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Business group urges local firms to improve mental health support for staff

A leading business representation organisation in our area, East Midlands Chamber has signed a commitment to support changing attitudes towards mental health in the workplace.

Chief Executive Scott Knowles signed the ‘Time to Change’ pledge yesterday in front of staff and guests at an event at the Chamber’s office in Chesterfield.

Speaking before signing for the Chamber, Scott said: “The Chamber’s pledge is about how we think about and act when it comes to mental health and making sure people feel supported in the workplace.

“It is estimated that one-in-four workers are affected by anxiety, depression and stress. The average cost of mental health to business is over £1,000 per employee each year and most affected employees will give a different reason for any resulting absence.

“Looking after mental health is clearly very important and offering the right support leads to a more positive workforce. Nobody is immune from mental health challenges and nobody should be afraid to articulate their concerns.”

Time To Change is a social movement now involving thousands of people throughout England and Wales. It is led by mental health charities Mind and Rethink Mental Illness.

The commitment signed by Scott says: “We pledge to change the way we think and act about mental health at work.”

Three guest speakers – Amy Hallam, Director at BRM Solicitors, Ruth Bunn, Managing Director at Intrinsic OT and Anna Kelynack-Boddy, Founder of Yogic Frog, of Derby, witnessed Scott signing the Time To Change pledge.

Amy said: “There was a time when the role of an employment solicitor was to advise a company on how to get rid of someone suffering mental health issues but that’s not the best way to manage things because you lose a member of staff and then have all the cost and inconvenience of having to recruit a replacement.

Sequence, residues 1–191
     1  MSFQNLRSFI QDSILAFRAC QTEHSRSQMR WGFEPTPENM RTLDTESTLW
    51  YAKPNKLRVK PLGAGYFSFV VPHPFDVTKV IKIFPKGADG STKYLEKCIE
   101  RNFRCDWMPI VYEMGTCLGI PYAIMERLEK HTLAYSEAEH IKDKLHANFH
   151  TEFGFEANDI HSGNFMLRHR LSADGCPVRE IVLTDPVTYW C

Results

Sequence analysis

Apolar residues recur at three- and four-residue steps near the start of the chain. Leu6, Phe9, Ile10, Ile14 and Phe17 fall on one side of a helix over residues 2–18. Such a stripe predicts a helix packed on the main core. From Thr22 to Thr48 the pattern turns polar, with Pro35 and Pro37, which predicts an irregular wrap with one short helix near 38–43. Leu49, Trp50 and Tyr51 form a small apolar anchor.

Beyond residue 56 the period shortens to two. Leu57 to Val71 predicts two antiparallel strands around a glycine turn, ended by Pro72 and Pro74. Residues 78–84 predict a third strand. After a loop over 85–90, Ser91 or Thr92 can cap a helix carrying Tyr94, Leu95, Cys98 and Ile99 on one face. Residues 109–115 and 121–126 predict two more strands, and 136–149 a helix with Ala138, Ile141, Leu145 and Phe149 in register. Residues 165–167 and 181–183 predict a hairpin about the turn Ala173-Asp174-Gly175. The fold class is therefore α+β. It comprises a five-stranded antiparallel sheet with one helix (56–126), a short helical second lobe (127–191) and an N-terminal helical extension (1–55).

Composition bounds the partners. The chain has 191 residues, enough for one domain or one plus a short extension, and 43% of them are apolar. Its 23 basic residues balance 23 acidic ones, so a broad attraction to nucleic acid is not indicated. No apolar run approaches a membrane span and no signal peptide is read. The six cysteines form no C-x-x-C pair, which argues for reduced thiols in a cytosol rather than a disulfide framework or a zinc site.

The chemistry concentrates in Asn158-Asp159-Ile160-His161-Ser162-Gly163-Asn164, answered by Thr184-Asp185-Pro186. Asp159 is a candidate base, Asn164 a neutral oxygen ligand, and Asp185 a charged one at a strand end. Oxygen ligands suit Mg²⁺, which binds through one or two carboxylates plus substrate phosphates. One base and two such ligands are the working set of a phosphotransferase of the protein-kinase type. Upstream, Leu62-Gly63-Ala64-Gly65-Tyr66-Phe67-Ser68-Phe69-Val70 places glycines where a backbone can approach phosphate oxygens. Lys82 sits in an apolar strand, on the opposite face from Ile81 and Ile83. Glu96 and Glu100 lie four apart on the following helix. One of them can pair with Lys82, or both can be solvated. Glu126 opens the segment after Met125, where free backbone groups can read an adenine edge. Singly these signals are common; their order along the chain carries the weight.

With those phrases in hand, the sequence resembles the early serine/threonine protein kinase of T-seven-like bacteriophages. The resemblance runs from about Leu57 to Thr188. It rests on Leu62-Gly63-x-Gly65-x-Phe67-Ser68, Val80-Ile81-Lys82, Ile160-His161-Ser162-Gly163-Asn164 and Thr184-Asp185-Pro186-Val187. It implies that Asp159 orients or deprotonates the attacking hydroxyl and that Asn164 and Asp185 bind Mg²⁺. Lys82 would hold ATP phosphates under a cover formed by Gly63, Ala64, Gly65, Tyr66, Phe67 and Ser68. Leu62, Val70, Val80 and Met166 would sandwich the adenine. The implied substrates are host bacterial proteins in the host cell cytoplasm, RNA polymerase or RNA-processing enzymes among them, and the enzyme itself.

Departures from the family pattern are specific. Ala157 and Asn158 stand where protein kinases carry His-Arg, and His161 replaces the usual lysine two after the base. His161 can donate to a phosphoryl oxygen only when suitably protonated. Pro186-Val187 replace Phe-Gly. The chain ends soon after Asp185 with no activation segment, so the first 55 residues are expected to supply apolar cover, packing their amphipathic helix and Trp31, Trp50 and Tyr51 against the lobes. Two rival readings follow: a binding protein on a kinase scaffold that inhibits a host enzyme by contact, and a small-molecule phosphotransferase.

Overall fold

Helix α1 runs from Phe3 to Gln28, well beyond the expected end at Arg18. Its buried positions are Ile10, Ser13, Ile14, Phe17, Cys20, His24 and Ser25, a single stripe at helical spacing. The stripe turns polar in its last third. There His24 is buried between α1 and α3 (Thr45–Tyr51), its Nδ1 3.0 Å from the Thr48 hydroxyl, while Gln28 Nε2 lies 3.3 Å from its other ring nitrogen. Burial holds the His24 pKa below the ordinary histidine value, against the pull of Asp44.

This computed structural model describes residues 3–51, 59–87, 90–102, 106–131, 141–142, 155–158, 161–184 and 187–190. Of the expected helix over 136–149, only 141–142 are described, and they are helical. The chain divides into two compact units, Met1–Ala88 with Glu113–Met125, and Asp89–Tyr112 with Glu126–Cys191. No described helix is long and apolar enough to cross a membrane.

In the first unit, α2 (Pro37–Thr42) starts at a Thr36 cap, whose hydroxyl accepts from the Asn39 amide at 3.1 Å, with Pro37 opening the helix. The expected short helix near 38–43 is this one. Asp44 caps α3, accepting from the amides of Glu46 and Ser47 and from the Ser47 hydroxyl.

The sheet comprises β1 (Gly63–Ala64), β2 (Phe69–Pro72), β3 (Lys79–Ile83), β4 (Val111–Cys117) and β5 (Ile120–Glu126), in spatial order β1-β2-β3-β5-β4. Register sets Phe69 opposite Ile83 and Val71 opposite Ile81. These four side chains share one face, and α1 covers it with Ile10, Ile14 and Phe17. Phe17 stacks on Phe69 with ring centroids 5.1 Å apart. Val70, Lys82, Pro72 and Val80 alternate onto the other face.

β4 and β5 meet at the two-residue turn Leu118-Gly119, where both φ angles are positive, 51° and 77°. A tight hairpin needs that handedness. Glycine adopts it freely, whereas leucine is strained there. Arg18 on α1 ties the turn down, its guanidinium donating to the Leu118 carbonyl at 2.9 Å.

“It’s something we are quite passionate about nowadays and we do things differently.  We like to teach staff about recognising their own mental health issues and that of colleagues, recognising, for example, presenteeism, where a person turns up for work physically but doesn’t do very much.

“If a person is off sick, keep them involved in the business, invite them to come in to team meetings even if they go home straight afterwards. We’ve found that helps to accelerate their return to work.”

Ruth, who has worked in mental health in the NHS, said she was shocked when she heard Prince Harry had admitted receiving help with mental health issues to cope with the death of his mother.

“It was that word ‘admitted’ that I felt most strongly about, as though help for mental health issues was a dirty secret being dragged out, that it is something we should suffer in silence with a typically British stoic attitude and just get on with it.

“In hospital, when we saw people for whom everything had just got too much, we would talk openly about mental health and just talking about it lifted people up.”

She explained how everybody has a physical health scale and a mental health scale and the only difference was that physical ailments could be seen while mental illness was invisible.

After the signing, Anna, who has worked for big companies including Rolls-Royce and Walgreen Boots and now lists Rolls-Royce among her clients, explained how life should be viewed as a glass ball that you can’t afford to drop because it would shatter.

But she said there was no reason to juggle rubber balls – her description of immediate but perhaps unachieved goals - that can be allowed to fall to the floor without risk.

She then led a short, desk-based yoga session and advised people to take just ten minutes during the day to focus on one thing not related to work. “This has been proved to increase productivity by 80%,” she said.

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